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Open and forthcoming, they touched on a variety of subjects, including the family’s decision to give their daughters grounding in both faiths — a choice with which others may disagree, Lauffer acknowledged.

Chishti and Lauffer met about 25 years ago through their volunteer work on various nonprofit boards, the two said.

“I ended up at a lot of meetings with him,” Lauffer recalled, “and I always found his intellect very attractive and compelling.” The admiration was mutual, and the two dated for several years before getting married in October 1994.

That decision encountered not a shred of hostility from their families, contrary to the experience of many interfaith couples, Chishti and Lauffer said.

With two such markedly different backgrounds, the chances of Helene Lauffer and Muzaffar Chishti meeting, much less falling in love, could be seen as remote by many observers.

His grandfather built a life in India as a renowned Islamic and Persian scholar, a teacher and an imam at the local mosque, and his Muslim family continues to live in South Asia.

“Muzaffar said it was important to follow Muslim tradition and give our kids Arabic names,” Lauffer recalled.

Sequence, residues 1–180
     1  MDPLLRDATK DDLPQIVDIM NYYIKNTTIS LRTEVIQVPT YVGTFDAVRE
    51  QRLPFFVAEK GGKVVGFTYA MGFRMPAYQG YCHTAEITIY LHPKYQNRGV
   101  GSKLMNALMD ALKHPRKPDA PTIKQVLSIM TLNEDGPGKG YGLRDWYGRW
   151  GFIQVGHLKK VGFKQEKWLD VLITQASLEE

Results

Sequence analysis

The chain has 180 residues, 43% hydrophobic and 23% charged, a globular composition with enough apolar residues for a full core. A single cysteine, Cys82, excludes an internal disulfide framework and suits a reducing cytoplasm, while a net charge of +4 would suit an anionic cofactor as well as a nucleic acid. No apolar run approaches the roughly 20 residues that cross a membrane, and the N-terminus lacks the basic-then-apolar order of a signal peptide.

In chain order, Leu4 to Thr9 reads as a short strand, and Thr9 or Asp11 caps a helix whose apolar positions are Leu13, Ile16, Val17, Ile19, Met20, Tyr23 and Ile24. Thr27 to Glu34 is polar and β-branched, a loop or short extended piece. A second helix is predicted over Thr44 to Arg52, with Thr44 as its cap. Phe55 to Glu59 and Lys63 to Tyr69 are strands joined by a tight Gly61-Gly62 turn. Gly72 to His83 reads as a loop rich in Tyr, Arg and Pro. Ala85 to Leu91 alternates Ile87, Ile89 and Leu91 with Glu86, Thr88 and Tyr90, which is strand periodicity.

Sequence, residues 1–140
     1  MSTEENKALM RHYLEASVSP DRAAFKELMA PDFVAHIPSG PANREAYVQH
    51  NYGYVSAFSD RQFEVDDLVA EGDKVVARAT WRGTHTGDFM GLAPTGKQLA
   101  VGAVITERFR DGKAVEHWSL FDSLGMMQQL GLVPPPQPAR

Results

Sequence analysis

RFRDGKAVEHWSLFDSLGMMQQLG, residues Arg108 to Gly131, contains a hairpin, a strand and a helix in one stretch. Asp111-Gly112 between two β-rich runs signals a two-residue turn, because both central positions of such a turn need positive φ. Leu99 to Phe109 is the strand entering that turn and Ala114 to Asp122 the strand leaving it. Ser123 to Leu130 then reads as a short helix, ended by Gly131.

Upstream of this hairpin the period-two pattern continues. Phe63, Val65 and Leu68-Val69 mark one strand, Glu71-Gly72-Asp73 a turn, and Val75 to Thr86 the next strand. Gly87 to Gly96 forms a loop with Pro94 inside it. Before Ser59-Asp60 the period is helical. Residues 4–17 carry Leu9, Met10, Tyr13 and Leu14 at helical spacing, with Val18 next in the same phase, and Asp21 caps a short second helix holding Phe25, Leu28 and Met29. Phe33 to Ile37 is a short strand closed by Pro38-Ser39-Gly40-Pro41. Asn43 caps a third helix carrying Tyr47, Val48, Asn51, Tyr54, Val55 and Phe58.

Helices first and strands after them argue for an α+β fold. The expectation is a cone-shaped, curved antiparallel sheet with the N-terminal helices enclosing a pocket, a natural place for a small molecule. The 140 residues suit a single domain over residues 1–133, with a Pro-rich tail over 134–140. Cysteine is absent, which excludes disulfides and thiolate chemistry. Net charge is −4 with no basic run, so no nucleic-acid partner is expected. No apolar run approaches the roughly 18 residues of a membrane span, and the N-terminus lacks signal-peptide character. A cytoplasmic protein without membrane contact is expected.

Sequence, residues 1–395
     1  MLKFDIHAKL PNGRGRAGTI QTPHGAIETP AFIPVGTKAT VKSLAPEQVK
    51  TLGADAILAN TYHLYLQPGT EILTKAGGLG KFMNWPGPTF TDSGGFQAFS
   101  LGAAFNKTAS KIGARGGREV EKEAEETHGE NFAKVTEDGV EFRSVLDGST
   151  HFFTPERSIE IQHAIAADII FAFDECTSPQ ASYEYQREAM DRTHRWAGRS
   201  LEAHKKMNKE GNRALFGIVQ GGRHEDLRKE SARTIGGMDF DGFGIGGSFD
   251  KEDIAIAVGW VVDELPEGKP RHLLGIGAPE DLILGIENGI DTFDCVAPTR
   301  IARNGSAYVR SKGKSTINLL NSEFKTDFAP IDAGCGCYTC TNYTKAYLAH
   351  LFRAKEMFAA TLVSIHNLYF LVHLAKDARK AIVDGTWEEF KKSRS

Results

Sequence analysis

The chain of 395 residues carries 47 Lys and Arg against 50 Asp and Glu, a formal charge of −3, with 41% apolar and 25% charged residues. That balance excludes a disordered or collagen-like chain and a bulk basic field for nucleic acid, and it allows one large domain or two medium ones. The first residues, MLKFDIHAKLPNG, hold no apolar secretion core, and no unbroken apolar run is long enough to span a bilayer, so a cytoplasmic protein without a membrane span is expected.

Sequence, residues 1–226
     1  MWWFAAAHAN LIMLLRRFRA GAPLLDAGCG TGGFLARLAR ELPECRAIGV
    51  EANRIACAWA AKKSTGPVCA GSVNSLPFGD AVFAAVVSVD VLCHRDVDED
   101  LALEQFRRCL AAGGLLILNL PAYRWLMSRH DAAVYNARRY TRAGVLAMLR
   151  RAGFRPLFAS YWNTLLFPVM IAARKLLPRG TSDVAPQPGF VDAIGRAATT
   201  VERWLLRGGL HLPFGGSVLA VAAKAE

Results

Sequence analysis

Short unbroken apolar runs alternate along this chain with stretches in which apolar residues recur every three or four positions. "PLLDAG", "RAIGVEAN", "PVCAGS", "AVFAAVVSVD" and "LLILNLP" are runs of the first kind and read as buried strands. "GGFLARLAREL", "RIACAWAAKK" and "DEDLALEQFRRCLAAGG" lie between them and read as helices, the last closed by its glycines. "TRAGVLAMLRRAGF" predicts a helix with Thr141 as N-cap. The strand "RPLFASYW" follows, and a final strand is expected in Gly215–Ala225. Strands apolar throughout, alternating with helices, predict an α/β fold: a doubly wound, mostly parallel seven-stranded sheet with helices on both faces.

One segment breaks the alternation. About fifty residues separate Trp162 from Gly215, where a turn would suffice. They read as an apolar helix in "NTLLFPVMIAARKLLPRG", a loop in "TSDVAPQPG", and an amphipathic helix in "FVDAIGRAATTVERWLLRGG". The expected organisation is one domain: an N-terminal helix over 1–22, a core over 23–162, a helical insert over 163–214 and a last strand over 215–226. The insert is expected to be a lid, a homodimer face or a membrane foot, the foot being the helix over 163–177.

“And I said, ‘That’s fine, as long as we follow Jewish tradition and name our children after a relative who’s no longer alive.’” The names they eventually chose both reflect that compromise, with Maryam named for Lauffer’s mother, Myra, and Hava named for Lauffer’s father, Heinz.

Those views aside, Maryam comes across as a bright, self-possessed child, comfortable with what she’s learned about both religions.

She recently interviewed her 92-year-old aunt about the Holocaust for a class at Manhattan’s Gateway Middle School and is now talking to relatives from both sides of her family for her bat mitzvah project.

But at the end of the day,” she added, “our values were very similar.” Those values include an appreciation for family, friends and education, as well as honesty, integrity and a shared belief in tikkun olam, or repairing the world.

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